I’ll be honest with you. I love to read esoteric stuff online. One of my favorite ways to waste time online is actually getting lost down what I call the “Wikipedia Wormhole”. I’m sure you know what I mean. You might have heard it called other things over the years such as, “The Wikipedia Time Suck”, The Encyclopedia Game, etc… Essentially what you do is go to Wikipedia and click on the first thing you find interesting. Read as far down the page as you can until you come across something that you don’t know. The poet Rives has a Ted Talk along this vein a few years ago and I thought it to be supremely entertaining and apt. We all love to find new and cool information to tell our friends about. We all want to feel good about that banal fact at a party or water cooler conversation. The hard part is remembering where you got that little nugget of gold from. For years we have all heard the same quote at a party, “I was reading something online that said blah blah blah”. When someone probes a little deeper we only come to find that the person who found that tidbit can’t remember when or where they found it.
When I’m in the classroom, I’ve learned that students who used metacognitive strategies are the ones who excel in their studies and become more confident in taking control of their education. One of the most important skills I’ve taught was to be self-aware when reading. To consciously note what is happening while you are reading. In essence you have to physically create a moment of memory for your brain to return to. To do this all a student has to do was hashtag their notes with a meta-tag, something that was a unique way for them to associate the information as being important to them. I’ve seen kids use #craycray for things that are so far fetched they couldn’t believe it, or, #FTW if they really liked a passage. They use it, they remember it.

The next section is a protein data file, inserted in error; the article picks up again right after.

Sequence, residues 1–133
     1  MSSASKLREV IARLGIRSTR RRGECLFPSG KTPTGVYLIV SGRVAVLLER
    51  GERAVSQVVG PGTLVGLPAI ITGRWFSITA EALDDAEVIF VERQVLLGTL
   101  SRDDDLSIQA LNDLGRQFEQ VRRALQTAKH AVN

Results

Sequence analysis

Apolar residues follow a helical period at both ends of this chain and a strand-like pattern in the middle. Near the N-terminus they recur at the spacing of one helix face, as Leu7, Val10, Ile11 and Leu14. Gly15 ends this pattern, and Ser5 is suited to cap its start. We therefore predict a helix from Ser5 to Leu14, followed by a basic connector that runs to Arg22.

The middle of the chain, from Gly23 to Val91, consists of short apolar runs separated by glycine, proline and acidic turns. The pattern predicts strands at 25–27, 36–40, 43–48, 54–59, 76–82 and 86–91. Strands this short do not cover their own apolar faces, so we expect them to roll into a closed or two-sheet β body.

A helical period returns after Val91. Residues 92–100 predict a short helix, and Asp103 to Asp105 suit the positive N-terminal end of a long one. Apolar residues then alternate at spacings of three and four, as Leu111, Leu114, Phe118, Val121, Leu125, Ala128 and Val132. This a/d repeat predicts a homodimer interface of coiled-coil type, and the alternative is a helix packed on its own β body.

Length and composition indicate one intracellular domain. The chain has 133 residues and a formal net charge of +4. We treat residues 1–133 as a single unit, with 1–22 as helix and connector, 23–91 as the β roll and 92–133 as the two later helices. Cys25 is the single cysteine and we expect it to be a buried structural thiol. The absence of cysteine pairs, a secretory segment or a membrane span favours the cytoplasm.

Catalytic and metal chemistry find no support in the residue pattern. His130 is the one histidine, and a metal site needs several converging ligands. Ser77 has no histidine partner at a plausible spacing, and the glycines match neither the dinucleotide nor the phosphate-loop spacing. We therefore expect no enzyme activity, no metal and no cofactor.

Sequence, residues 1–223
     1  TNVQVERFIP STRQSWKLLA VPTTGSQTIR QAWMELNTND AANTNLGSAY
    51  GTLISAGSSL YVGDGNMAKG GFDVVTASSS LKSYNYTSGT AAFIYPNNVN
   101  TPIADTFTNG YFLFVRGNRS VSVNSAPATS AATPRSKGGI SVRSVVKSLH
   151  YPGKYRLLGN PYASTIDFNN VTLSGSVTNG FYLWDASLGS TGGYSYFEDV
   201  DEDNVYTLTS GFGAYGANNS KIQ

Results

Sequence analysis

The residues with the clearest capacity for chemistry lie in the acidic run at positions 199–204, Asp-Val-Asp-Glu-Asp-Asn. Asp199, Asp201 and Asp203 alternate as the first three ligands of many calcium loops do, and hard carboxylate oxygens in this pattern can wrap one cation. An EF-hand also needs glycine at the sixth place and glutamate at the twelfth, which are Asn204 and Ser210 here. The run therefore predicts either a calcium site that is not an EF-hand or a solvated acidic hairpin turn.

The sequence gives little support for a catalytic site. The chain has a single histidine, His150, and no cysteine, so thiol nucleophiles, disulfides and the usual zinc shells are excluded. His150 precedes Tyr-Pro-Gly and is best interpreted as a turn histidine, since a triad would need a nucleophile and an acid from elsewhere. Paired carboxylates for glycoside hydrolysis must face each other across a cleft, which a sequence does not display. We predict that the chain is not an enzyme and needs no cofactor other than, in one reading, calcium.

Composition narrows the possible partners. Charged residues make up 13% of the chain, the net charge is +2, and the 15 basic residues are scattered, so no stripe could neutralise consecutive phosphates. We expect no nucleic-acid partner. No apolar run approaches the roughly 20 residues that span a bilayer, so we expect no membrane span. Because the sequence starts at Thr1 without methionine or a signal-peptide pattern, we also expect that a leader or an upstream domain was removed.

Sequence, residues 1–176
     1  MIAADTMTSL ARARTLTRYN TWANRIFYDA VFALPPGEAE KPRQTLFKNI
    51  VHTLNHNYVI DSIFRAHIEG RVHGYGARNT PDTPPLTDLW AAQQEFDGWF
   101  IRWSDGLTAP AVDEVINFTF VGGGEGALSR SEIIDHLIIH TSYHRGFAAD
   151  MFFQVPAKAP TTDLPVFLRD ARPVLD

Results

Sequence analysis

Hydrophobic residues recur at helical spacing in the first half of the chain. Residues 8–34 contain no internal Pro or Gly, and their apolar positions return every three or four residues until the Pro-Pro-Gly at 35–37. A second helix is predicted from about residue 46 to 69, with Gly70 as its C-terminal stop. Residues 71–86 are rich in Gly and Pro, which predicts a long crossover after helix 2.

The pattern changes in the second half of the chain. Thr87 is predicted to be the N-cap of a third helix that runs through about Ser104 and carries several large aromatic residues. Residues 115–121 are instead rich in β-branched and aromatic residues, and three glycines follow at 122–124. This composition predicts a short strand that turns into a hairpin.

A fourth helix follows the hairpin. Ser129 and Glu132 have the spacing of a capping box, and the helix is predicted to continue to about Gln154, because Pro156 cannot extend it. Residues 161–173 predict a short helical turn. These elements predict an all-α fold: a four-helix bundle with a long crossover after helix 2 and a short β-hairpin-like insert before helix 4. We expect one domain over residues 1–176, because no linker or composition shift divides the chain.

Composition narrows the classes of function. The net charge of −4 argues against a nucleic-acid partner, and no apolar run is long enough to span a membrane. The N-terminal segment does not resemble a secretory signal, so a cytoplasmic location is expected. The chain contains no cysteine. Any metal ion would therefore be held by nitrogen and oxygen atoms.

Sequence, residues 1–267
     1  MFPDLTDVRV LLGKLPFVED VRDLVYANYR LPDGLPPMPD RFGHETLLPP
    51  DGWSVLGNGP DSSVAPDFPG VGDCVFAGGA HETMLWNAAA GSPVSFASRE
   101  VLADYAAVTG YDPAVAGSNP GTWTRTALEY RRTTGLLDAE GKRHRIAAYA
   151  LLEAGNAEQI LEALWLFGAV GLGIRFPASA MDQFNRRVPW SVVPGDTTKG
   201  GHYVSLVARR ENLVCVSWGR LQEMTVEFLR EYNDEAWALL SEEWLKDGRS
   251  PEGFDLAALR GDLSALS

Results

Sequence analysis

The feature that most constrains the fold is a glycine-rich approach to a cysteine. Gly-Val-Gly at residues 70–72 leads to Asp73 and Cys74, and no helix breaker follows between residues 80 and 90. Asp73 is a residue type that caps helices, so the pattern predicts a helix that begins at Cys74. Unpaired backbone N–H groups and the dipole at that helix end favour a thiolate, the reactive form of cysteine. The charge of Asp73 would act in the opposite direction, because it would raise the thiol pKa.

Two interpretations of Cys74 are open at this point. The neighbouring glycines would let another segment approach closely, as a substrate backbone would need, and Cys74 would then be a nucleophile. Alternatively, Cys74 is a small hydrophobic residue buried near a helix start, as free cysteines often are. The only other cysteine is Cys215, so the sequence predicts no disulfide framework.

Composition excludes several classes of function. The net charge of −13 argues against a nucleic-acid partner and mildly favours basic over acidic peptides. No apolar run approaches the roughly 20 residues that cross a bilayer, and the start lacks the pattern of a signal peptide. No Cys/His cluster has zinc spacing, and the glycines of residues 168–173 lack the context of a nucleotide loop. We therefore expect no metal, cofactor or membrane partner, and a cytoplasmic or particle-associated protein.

Once kids latched on to this idea, their scores took off. This tagging allowed them to create that moment of memory to return to later on. By tagging as you go, you are creating meta-moments-of-memory (say that three times fast..) for your brain to return to. You no longer get ‘lost’ down the wikipedia wormhole, you explore the farthest reaches of the universe with the ability to recall where you’ve been and what’s you’ve read. Now go explore.
4 thoughts on “Let’s go down “The Wikipedia Wormhole””
This is a great idea, and would be a fun task to come up with hashtags as a class to use. Are you having them tag written notes on paper? Or are your students taking notes in a g-doc?
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Yes we did have a few common #s that we all agreed on for common use and would then make a point to share which new #s were invented. It was fun for the kids!
We started with notes/ #s in the margins on paper and then moved towards using Google Docs with #s used as comments over their notes.
Sorry for all the questions but, are the kids collaborating on “classroom” notes or are kids producing their own individual notes?
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No worries! I’ve experimented with both with different levels of success and failure depending on the section/kids/my own process in the moment